Folklore. Fairy-tales. Horror stories. Urban legends. Mythology. What is it about the inexplicable, the fantastical, and the outrageously unrealistic that captures the human imagination? For that matter, what is it about the human imagination that causes it to manufacture these things, if indeed there is no outside originator?
It was while studying “The Old Nurse’s Story” by Elizabeth Gaskell that our English professor posed a question concerning the variety and ongoing popularity of the “supernatural” in entertainment. Why do humans continue to be fascinated by the supernatural? It is ubiquitous throughout literary history, and while realism began to rise during the nineteenth century, fantastical supernatural elements have never been fully expunged from literature. In fact, possibly in opposition to that threat of realism, throughout the late 19th-20th centuries “fantasy” as a genre emerged, along with its counterparts science-fiction and horror. That is how I framed part of my response:
I think the supernatural/fantasy worlds have always been to a certain extent an escape from reality. While supernatural stories throw light (or maybe more shade) on those aspects of life that we don’t understand and can’t explain, as has been mentioned, it also serves as an outlet for the overflowing of human imagination and a release from being trapped in the physical world.14 February 2017
While Gaskell is probably better known for her novels with more realistic subjects and treatment, “The Old Nurse’s Story” is a chilling ghost-tale: isolated settings, an orphaned child, tight-lipped domestics, a forbidden west wing, and music emanating from a broken pipe-organ. It also explores love, betrayal, revenge, and forgiveness, all very familiar human experiences. Gothic fiction (while it spans a great variety of texts, some more macabre than others) is largely to do with the supernatural and psychologically thrilling, and it was in the 19th century revival of Gothicism that “The Old Nurse’s Story” was written. If you haven’t read it, I would highly recommend it. If you’re looking for a temporary escape, immerse yourself in the atmosphere of this story. It is easily read in one sitting, and, as Edgar Allen Poe would have it, is best appreciated that way.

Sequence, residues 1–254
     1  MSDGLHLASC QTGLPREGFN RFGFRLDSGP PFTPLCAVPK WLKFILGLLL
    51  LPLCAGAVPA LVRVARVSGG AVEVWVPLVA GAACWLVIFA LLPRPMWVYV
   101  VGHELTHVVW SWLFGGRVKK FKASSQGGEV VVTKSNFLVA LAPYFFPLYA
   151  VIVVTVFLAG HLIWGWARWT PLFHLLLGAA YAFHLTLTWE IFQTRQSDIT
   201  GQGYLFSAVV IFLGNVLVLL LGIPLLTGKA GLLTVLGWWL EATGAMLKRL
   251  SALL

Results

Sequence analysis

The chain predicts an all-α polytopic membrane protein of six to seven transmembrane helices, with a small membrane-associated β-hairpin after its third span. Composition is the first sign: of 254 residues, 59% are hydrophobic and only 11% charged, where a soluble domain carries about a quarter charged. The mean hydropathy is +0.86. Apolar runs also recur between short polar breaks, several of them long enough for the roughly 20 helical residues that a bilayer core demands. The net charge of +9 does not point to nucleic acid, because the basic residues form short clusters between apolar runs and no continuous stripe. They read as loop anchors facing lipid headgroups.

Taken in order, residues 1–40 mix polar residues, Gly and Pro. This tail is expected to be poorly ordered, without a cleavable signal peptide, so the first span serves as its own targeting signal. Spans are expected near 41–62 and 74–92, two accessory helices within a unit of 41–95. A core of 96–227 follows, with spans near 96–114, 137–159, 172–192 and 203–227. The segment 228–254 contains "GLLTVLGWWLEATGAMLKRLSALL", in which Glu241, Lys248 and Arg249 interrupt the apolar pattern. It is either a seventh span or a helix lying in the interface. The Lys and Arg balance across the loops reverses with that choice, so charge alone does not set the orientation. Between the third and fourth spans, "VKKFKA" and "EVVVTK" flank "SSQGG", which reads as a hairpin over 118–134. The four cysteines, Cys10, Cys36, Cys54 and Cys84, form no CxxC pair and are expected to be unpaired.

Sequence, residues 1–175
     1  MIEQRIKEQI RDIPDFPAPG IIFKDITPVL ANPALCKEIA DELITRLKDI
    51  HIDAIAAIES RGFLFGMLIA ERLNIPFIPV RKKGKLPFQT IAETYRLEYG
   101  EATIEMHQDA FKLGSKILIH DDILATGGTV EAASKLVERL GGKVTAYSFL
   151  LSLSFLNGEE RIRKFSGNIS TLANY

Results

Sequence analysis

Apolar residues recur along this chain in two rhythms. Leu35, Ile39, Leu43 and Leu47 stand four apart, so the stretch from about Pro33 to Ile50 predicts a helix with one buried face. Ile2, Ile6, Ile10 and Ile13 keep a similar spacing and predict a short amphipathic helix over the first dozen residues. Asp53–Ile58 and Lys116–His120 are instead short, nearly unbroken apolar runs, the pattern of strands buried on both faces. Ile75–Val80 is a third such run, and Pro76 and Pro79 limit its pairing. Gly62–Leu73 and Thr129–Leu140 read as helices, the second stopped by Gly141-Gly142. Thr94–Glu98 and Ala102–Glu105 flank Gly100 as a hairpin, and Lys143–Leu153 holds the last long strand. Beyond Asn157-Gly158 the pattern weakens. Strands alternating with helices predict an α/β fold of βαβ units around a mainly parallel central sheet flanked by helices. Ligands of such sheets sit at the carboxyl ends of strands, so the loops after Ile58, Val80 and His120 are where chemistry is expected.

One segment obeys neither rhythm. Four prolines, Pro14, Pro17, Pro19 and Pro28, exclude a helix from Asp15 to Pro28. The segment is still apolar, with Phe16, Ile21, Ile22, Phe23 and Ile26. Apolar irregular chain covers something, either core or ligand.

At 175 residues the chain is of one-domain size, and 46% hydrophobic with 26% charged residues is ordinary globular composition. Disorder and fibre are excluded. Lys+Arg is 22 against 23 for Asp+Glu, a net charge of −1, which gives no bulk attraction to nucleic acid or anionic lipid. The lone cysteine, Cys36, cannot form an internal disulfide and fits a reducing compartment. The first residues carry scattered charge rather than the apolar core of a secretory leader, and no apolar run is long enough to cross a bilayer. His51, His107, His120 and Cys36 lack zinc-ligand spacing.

Fantasy developed from mythology, codified by Tolkien in the 20th century. While it is not as directly filed under the heading “supernatural” as Gothic fiction is, fantasy shares with it much of the same motivation and effect. I identified this connection by quoting Tolkien:
In his essay “On Fairy Stories,” J.R.R. Tolkien writes in defence of this mode of escape: “I have claimed that Escape is one of the main functions of fairy-stories, and since I do not disapprove of them, it is plain that I do not accept the tone of scorn or pity with which ‘Escape’ is now so often used: a tone for which the uses of the word outside literary criticism give no warrant at all. In what misusers are fond of calling Real Life, escape is evidently as a rule very practical, and may even be heroic…Why should a man be scorned if, finding himself in prison, he tries to get out and go home? Or if, when he cannot do so, he thinks and talks about other topics than jailers and prison-walls?…In using escape in this way the critics have chosen the wrong word, and what is more, they are confusing, not always by sincere error, the Escape of the Prisoner with the Flight of the Deserter.”
The supernatural and fantastical in literature come from the human understanding that there is more outside the prison walls, and is our attempt to engineer or recreate it to make our sentence more bearable.14 February 2017